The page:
Jude Sweeting, Director of Quality & Enjoyment
It is disheartening for homes to hear post inspection that they are at the upper end of Good when they have spent months of personal investment to achieve Outstanding. And of course it is joyful to achieve an Outstanding rating where, in the exposure of an inspection, nothing seems guaranteed. In both cases however there is the aftermath of the inspection and some kind of rallying and refocusing.
Two weeks ago I had my first coaching call of the year with a home which achieved a CQC rating of Outstanding late last year. I left the call even more convinced that Outstanding is a leadership mindset, which produces behaviours that once ‘turned on’ become as natural as breathing.
The CQC rating is an important validation with powerful business consequences and we all need to understand what is needed to achieve this. There is much learning to be done as we seek to share an understanding of creativity and innovation in care services.
Arguably, authentically outstanding homes won’t need to ‘bounce back’ post inspection. They won’t need to spend lots of time ‘managing’ being unsuccessful or successful (after the final result and even if it seems unfair) as they already have a higher investment in the process of innovation and creativity than the outcomes these produce. They just will continue to be innovative in their behaviors because they have lots of evidence that pleasing outcomes will follow in abundance. Stretching is not just for inspections (or even Christmas) it is a habit of success.
Where there is a post inspection sense of‘returning to business as usual’ or even ‘its now time to refocus’ it is important to get back to ‘clean slate’ thinking.
So what was it about the post inspection Outstanding home on this call with their home manager and activity leader that gladdened my heart? It was a sense of unstoppable creative confidence with tangible indications that innovative behaviours are routinely automatic:
- Natural future focus: ‘yes we had the (CQC) celebration party before Xmas, it was lovely, but that was ages ago’
- Noticing impact and feedback: ‘our new electronic care records mean that I had 4 staff attending an afternoon social event last week – that is unheard of!’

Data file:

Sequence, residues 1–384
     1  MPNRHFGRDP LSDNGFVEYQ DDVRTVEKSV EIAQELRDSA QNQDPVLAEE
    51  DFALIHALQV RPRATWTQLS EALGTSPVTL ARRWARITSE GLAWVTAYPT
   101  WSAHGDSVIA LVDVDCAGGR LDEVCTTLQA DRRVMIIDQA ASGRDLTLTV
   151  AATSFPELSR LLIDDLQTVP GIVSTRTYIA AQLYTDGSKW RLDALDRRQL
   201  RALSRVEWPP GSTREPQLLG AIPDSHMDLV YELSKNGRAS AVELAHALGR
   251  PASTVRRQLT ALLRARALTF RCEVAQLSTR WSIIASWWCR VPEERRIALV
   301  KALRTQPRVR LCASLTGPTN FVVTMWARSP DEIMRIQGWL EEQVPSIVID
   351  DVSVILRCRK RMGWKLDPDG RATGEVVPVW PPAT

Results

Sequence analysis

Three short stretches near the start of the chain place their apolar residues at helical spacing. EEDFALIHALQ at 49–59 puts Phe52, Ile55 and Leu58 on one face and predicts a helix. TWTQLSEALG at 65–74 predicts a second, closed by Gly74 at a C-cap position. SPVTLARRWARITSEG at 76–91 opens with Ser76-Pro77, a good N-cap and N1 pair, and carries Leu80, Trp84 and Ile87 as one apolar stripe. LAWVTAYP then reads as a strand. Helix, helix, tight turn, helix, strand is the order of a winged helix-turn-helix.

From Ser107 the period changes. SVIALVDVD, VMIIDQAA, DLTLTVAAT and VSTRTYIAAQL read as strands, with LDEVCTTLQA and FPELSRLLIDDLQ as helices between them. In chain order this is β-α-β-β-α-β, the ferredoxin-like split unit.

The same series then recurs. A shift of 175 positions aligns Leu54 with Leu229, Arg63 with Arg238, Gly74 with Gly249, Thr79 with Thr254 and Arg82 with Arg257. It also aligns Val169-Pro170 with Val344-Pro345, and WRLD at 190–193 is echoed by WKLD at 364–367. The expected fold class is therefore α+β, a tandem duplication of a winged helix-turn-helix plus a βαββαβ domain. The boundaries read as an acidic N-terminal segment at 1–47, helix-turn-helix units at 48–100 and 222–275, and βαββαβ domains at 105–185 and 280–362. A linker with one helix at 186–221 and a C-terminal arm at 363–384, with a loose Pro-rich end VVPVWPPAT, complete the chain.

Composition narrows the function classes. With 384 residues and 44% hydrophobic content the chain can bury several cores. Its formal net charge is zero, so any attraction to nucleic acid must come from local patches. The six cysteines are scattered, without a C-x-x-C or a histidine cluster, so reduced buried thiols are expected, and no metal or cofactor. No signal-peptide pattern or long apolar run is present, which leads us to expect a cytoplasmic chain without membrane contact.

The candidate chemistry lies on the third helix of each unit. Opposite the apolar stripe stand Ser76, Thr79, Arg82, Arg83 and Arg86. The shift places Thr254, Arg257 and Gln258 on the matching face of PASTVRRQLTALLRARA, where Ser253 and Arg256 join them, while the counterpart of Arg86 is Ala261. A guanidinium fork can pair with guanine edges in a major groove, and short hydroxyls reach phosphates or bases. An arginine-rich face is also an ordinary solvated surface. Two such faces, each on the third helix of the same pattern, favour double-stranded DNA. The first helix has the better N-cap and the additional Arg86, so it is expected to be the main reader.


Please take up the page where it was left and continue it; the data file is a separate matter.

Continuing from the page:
- Willingness to learn, exploit, hoan, combine and build: ‘I’m seeing that if we do more work matching staff with residents we can use the ‘new’ time for more outings and ‘in home special times’.”
- Commitment to relationship building using the whole team: ‘we used the tool you sent us and 20 of the staff have done their relationship circles – I’ve been really amazed that some of the residents who I had on my outer circle (less energizing relationships) were in the centre circle for a number of staff – there’s a lot we can use here’
- Inclusion and curiosity underpin investment in enquiring: ‘I will complete the tool with all the staff so we can see it all’
- Risk–taking and working to be leader proof: ‘we had to resuscitate a resident recently and I stood back to allow other staff to put their learning into practice. Often the home manager is expected to do the CPR. I’m doing this to encourage staff problem solving too by saying‘I haven’t got time – come back and tell me what you have done’
- Playfulness that encourages the heart of positive relationships: ‘I asked staff to share a proud achievement in their lives and created a game for the residents to guess which member of staff had done this thing. They loved it – when the residents weren’t sure who we were talking about I re-introduced the member of staff to them’
To the Moon!!